Behind the Scenes of a $20K Dream Home Office Makeover
“Get them excited about what you’re doing. Lead with the value you want to provide to them.” – Kevin Rizer
As authors, we try to figure out what our readers need and want. How will our book help them? What can we do to serve?
For Kevin Rizer, he was already comfortably working from home when the COVID-19 pandemic hit — but quickly realized it was harder on some of his peers who found it new and scary. And so, the book he wrote, “Always Wear Pants: And 99 Other Tips for Surviving and Thriving While You Work From Home,” is specifically for them.
Through practical advice, he shows us that whether you’re working remotely because of the pandemic, or have been all along, you can be successful — while actually enjoying working from home.
On this week’s episode of “Authors Who Lead,” Kevin joins me for a conversation about adapting to a new workspace, finding work-life balance and how anyone can snare media attention for their book launch by hosting an amazing giveaway.
The Secret Behind Working From Home
When we first begin working from home — either by choice or due to pandemic restructuring — it can feel like winning the lottery. We can wear whatever we want, we have autonomy to get our work done, and we only have that “10 step commute,” as Kevin puts it.
But most of us don’t consider what that really means. Ergonomic chair and desk setups are not at the top of our minds, and neither is work-life balance or work culture. Not at first, anyway.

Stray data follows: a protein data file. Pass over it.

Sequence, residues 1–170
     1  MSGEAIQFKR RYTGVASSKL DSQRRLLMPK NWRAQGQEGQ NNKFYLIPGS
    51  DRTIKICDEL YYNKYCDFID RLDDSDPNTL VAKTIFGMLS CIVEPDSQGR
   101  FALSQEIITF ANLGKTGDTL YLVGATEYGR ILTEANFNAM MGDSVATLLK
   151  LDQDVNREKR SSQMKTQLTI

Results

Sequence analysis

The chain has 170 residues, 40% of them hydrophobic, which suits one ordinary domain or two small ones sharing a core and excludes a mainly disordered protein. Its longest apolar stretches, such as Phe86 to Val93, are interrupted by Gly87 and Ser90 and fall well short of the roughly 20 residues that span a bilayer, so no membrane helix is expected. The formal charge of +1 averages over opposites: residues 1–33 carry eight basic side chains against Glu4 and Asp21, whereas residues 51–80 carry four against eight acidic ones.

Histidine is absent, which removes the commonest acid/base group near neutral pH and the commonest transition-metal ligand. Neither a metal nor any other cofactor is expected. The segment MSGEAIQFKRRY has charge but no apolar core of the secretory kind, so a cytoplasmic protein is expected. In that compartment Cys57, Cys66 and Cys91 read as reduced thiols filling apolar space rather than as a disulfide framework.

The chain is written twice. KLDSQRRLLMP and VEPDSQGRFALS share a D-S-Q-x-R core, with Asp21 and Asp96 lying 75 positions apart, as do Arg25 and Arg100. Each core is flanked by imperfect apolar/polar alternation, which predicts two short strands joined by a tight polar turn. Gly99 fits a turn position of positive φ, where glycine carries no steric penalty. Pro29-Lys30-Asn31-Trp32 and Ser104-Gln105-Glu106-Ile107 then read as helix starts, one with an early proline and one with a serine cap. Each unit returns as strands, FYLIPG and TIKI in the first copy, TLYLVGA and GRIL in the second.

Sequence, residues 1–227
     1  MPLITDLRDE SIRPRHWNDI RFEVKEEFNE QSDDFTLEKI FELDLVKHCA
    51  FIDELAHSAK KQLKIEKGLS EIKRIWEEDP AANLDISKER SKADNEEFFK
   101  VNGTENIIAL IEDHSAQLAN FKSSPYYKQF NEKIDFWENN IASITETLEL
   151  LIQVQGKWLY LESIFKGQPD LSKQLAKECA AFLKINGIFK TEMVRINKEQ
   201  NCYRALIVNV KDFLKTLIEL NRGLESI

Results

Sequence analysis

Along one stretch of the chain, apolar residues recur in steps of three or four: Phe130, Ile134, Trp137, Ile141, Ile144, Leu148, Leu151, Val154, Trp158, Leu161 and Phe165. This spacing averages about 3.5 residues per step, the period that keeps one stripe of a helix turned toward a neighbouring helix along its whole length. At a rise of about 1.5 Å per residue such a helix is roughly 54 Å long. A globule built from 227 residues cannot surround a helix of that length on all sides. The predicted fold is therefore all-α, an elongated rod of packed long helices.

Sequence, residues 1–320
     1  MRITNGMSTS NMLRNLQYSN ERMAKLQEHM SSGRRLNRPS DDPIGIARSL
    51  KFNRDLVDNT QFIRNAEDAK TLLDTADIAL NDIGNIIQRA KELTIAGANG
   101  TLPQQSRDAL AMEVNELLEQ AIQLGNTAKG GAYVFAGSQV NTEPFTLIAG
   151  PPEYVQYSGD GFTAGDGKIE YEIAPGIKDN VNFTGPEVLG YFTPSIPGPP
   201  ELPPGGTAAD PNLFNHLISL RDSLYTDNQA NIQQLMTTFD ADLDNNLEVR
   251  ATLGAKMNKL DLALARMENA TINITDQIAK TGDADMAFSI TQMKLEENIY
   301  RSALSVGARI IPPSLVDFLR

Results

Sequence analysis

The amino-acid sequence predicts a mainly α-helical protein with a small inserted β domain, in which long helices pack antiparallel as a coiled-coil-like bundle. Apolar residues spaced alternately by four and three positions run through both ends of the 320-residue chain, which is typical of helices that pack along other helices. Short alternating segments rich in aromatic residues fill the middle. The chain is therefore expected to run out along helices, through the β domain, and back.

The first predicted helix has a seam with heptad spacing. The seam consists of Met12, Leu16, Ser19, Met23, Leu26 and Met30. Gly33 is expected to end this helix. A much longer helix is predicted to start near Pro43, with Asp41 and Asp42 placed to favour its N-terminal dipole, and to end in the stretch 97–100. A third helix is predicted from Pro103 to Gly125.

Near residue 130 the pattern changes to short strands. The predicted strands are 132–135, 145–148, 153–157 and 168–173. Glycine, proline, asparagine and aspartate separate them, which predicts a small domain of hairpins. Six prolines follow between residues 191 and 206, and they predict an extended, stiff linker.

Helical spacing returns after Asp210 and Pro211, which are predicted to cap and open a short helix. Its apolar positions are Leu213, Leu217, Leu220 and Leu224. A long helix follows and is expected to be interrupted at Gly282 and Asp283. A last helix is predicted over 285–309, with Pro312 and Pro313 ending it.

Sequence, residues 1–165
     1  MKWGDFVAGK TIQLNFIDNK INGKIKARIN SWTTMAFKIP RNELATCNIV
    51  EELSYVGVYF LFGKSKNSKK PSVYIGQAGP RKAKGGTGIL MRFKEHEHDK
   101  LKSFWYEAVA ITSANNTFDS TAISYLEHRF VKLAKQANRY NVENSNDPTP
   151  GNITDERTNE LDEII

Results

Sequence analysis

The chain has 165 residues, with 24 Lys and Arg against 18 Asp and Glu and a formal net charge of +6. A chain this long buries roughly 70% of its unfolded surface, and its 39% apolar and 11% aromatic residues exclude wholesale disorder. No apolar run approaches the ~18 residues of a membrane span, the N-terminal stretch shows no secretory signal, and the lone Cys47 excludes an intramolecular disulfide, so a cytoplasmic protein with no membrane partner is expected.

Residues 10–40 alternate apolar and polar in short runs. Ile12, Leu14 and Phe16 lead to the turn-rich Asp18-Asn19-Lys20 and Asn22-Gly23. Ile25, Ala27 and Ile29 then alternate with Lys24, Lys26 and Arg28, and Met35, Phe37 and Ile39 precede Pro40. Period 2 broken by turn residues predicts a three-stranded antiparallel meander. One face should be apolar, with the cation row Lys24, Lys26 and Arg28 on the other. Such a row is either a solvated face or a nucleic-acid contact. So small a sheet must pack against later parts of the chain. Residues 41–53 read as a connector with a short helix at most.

The pandemic found many people working at kitchen tables, on couches, and in the corners of their bedrooms. We are adaptable as human beings and can make do with what we have. But, in the long run, working successfully from home means you need a dedicated workspace.
Even if you don’t have a home office or an extra bedroom, Kevin suggests that you find a quiet space that is separate from day-to-day life — and once you do, there are ways to make it both comfortable and productive.
Because Mandela Tree Press published Kevin’s book, I had the opportunity to read it early and have already implemented many of his ideas and practical tips for my own home office, and find myself feeling more like the professional I am because of them.
How to Reclaim Your Work-Life Balance
Work is about more than emails and Zoom meetings. It informs who we are and how we feel about ourselves. And the environment we create and the mindset we have both affect our productivity.
One of the downsides of working from home is that there are no clear lines of when our work stops. This is where the dream of working from home can become a nightmare. Work-life balance can get blurry and some people find that they actually work more hours and enjoy less free time even though they’re at home.
Drawing that line when you work from home can be a challenge and, in his book, Kevin provides many suggestions on reclaiming work-life balance. Equally important to finding ways to be more productive at home is seeing what we do with the time we free up.
Build Your Own Work Culture